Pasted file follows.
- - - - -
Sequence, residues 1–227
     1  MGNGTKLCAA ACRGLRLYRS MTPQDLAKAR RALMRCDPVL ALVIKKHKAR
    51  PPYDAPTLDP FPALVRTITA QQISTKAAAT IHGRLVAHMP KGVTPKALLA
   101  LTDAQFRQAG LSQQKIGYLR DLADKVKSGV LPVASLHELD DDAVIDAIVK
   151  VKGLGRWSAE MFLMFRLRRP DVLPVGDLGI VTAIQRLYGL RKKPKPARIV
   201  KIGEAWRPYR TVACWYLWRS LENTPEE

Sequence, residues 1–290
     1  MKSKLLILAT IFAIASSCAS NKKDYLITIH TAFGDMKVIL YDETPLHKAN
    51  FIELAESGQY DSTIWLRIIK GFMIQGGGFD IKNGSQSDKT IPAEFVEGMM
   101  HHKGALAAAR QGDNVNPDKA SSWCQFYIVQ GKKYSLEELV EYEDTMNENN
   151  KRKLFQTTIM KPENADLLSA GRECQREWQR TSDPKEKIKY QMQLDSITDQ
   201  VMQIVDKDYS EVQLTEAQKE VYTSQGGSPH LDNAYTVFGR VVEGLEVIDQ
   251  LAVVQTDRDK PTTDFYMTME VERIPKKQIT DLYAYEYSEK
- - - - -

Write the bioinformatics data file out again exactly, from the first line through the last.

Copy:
Sequence, residues 1–227
     1  MGNGTKLCAA ACRGLRLYRS MTPQDLAKAR RALMRCDPVL ALVIKKHKAR
    51  PPYDAPTLDP FPALVRTITA QQISTKAAAT IHGRLVAHMP KGVTPKALLA
   101  LTDAQFRQAG LSQQKIGYLR DLADKVKSGV LPVASLHELD DDAVIDAIVK
   151  VKGLGRWSAE MFLMFRLRRP DVLPVGDLGI VTAIQRLYGL RKKPKPARIV
   201  KIGEAWRPYR TVACWYLWRS LENTPEE

Sequence, residues 1–290
     1  MKSKLLILAT IFAIASSCAS NKKDYLITIH TAFGDMKVIL YDETPLHKAN
    51  FIELAESGQY DSTIWLRIIK GFMIQGGGFD IKNGSQSDKT IPAEFVEGMM
   101  HHKGALAAAR QGDNVNPDKA SSWCQFYIVQ GKKYSLEELV EYEDTMNENN
   151  KRKLFQTTIM KPENADLLSA GRECQREWQR TSDPKEKIKY QMQLDSITDQ
   201  VMQIVDKDYS EVQLTEAQKE VYTSQGGSPH LDNAYTVFGR VVEGLEVIDQ
   251  LAVVQTDRDK PTTDFYMTME VERIPKKQIT DLYAYEYSEK